As millions of people are set to lose £20 a week from their Universal Credit (UC) claims, Boris Johnson could only snort with contempt.
Questioned about the cut, Johnson said, “I prefer people to see their wages rise through their efforts rather than taxation of other people, rather than welfare.”
Meanwhile, the 2.3 million claimants and their families are in fear, wondering how they will cope. Around half them are in work but on low wages.
The cut will affect 6 million people and hurl at least 500,000 into poverty—many of them children. The scheme, introduced at the start of the pandemic, officially ends on 6 October.
However, the exact date the money stops being paid will vary.
For some people, this will mean the last higher rate payment will be at the end of September.
Few will be surprised by callous Tories.
But what of Keir Starmer’s Labour? The party recently announced what it would do with the UC system. Labour’s old policy was to scrap the benefit which has lurched from crisis to crisis since it was trialled in 2015.
But eager to show how much the party has changed since Jeremy Corbyn, Labour’s welfare chief Jonathan Reynolds announced a different approach. The benefit will be “renamed”.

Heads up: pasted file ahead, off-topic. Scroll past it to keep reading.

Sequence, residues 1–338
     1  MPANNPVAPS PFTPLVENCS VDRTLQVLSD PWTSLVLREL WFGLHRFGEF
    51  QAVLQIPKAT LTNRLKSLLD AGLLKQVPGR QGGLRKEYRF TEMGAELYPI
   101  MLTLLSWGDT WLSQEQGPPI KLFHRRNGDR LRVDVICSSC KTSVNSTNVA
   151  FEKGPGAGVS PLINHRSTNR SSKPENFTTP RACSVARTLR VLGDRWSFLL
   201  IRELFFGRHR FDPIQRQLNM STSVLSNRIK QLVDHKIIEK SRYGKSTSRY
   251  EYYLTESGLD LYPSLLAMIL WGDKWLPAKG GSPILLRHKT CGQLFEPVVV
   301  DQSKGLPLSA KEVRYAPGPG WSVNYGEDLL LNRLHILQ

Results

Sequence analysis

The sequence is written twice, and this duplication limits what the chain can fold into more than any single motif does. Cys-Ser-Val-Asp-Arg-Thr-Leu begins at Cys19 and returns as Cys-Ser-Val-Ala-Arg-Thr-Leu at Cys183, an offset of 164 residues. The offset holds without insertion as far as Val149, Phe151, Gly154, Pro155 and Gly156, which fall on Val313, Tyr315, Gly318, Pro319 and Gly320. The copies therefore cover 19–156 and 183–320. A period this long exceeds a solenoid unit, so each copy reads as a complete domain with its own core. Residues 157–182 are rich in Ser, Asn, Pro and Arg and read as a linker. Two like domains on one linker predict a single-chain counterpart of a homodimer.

To be fair to the shadow secretary for work and pensions, he did say he would have a good look at the “taper rate.” This currently takes away 63p of UC for every £1 a claimant earns in a job.
But he stopped short of saying what Labour’s new taper rate would be, mumbling something about needing to do some sums nearer the time. Reynolds says he is very angry about the £20 cut, and that Labour opposes it.
But when quizzed on what a Labour government would do to reverse the cut, again, he could only mutter something about more sums nearer the time.
Reynolds told the Mirror newspaper, “The overall level of any benefit I can only set out before an election. I can’t give a specific commitment on that at this stage.”
Labour’s feeble response to the crisis surrounding UC will be no use to people such as Tracey.
She lost her job at the start of the pandemic and had to claim the benefit for herself and her young child. “I had to take payment holidays on my loan and credit cards,” she told a reporter.
“I was hoping a suitable job would come up I could fit around my son. Nothing did, but I was offered a role as a carer, which allows me £160 a month through Universal Credit.”
“I live on a strict budget, which we’ve had to get used to,” she said. “My worry is that I’m now going to lose some of my Universal Credit allowance.”
Tracey says she has nothing of value left as she has no car and her TV is rented. Dan Paskins, director of the charity Save the Children, said, “The £20 increase has been a lifeline for many families.
“Parents we work with tell us that they’re relying on the extra £20 per week to buy essentials like food and clothes for their children.”
Labour should be turning Tracey’s case—and those of millions just like her—into a battering ram against the Tories.
Instead timidity, and fear of the left, means the best it can offer is a “re-badged” system.
But it’s only a change of language
Leeds students have occupied too